T-bill 2012-13 2013-14
In per cent
91 day 8.19 8.86
182 day 8.01 8.86
364 day 7.79 8.89
Source: RBI.
Table 4.8 : Average Implicit Yields for
Treasury Bills
Market Borrowing by State Governments
4.46 State governments raised an amount of ` 1,96,664 crore on a
gross basis during 2013-14 as compared to ` 1,77,239 crore during
the previous year. The net market borrowing stood at ` 1,64,585
crore in 2013-14 as against ` 1,46,451 crore in the previous year. The
weighted average yield and weighted average spread for state
borrowings increased marginally in 2013-14 (Table 4.9).
Central Government
4.47 The central government started the year 2013-14 with a
surplus cash balance of ` 1,16,604 crore, but soon, by 12 June 2013,
took recourse to ways and means advances (WMA) owing to its
expenditure commitments. The cash balances remained positive
from 7 December 2013 till 31 March 2014. During 2013-14, the GoI
was in WMA for 42 days and availed of overdraft (OD) on
3 occasions for 9 days as compared to WMA for 40 days and no
OD in the previous year The GoI ended the f iscal year with cash
balances at ` 128,442 crore.
State Government
4.48 The aggregate normal WMA limit for states was placed at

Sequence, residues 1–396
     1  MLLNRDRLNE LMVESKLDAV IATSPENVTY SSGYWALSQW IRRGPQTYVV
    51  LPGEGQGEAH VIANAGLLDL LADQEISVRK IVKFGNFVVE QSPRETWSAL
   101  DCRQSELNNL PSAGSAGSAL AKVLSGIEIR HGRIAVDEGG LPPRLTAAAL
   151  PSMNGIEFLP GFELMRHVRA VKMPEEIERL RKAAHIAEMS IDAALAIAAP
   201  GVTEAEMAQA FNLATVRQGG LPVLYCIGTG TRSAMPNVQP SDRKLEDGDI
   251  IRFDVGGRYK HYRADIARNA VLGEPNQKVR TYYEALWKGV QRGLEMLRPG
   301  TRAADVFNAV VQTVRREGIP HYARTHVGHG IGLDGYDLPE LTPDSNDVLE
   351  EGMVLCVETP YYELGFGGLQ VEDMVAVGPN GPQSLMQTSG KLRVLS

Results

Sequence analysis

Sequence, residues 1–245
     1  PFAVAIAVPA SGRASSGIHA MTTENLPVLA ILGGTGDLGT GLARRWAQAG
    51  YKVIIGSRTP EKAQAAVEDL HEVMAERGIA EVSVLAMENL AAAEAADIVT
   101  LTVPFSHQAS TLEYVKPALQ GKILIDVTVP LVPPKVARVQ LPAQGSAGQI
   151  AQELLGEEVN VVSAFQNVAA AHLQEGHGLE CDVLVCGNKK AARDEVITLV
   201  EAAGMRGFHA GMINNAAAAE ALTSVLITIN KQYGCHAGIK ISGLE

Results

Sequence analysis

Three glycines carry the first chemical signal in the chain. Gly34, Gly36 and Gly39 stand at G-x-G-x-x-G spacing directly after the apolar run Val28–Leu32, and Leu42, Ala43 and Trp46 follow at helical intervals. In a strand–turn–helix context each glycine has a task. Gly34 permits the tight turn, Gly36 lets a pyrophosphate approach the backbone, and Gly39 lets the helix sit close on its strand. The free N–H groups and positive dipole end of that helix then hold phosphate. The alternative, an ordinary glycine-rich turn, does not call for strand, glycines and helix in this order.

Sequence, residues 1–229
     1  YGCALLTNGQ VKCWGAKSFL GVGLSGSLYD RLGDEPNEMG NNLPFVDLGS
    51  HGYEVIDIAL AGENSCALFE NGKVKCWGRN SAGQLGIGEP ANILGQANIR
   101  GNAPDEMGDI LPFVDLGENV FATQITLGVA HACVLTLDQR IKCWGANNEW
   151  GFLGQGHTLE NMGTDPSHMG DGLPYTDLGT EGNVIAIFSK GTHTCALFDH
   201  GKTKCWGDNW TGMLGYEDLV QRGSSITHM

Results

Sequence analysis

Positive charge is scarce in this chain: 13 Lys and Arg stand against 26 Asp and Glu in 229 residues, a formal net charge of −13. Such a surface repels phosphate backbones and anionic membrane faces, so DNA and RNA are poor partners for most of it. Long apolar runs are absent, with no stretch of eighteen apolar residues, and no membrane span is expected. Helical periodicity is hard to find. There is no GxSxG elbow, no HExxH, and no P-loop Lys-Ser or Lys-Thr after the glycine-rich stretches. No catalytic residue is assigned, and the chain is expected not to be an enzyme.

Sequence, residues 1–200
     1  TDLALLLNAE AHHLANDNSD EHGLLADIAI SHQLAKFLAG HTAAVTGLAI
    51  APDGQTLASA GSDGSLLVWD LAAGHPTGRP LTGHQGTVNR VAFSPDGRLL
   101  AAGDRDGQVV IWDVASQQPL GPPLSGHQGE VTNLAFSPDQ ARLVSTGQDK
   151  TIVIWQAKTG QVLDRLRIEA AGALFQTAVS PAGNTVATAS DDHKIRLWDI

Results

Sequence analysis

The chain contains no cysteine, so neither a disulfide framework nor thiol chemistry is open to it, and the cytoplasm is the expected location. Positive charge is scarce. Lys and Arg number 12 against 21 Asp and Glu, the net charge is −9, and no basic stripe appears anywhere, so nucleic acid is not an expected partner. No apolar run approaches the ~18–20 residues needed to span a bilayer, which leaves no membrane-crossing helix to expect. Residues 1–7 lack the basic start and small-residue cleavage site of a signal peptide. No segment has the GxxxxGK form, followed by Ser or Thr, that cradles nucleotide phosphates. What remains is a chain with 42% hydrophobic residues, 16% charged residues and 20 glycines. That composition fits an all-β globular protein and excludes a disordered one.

` 10,240 crore for 2013-14 as in the previous year. The normal WMA
limit has been revised by 50 per cent of the existing limit to ` 15,360
crore from 11 November 2013. During 2013-14, 13 states resorted to
WMA as against 8 in 2012-13, 12 states resorted to special ways and
means advances (SWMA) as against 9 in 2012-13 and 8 resorted to
OD as against 6 in 2012-13.
4.49 The 10-year treasury bill reflects the long end of the yield
curve. The 10-year rates also proxy credit risk of the sovereign. The
benchmark 10-year yield (Figure 4.20) started hardening towards
end May 2013 on concerns about high current account def icit as
well as retail inflation.
4.50 The indication by the FOMC on 22 May 2013 regarding early
tapering of the bondbuying programme resulted in some sell-off
in G-Secs leading to hardening of yields. The 10-year yield touched
a high of 9.27 per cent on 19 August 2013 and continued to remain
at elevated levels, despite announcement of OMO purchase auction,
on account of higher than expected WPI inflation for the months
of July and August 2013. The yields hardened further on account of
tightening of the repo rate in September 2013. The 10-year yield
stood at 8.83 per cent at end September 2013 after which it has
remained range bound between 8.5 and 9.0 per cent.
4.51 The RBI has followed a calibrated approach aimed at striking
a balance between growth and management of inflation. Given
the softening of global price pressures on tradeable commodities
and reduction in exchange rate volatility, inflation is expected to
moderate in the coming f iscal year. The monetary management
challenge will also be helped by f iscal consolidation and the
addressing of supply-side constraints that exacerbate food inflation.
All these factors, in tandem, are expected to create room for
monetary easing later this f iscal year.
Source: RBI.
Figure 4.20 : Yield on 10-year
Treasury Bill
2012-13 2013-14
In per cent
WA yield 8.84 9.18
WA spread 0.71 0.75
Source: RBI.
Table 4.9 : Weighted Average Yield and
Spread for State Borrowings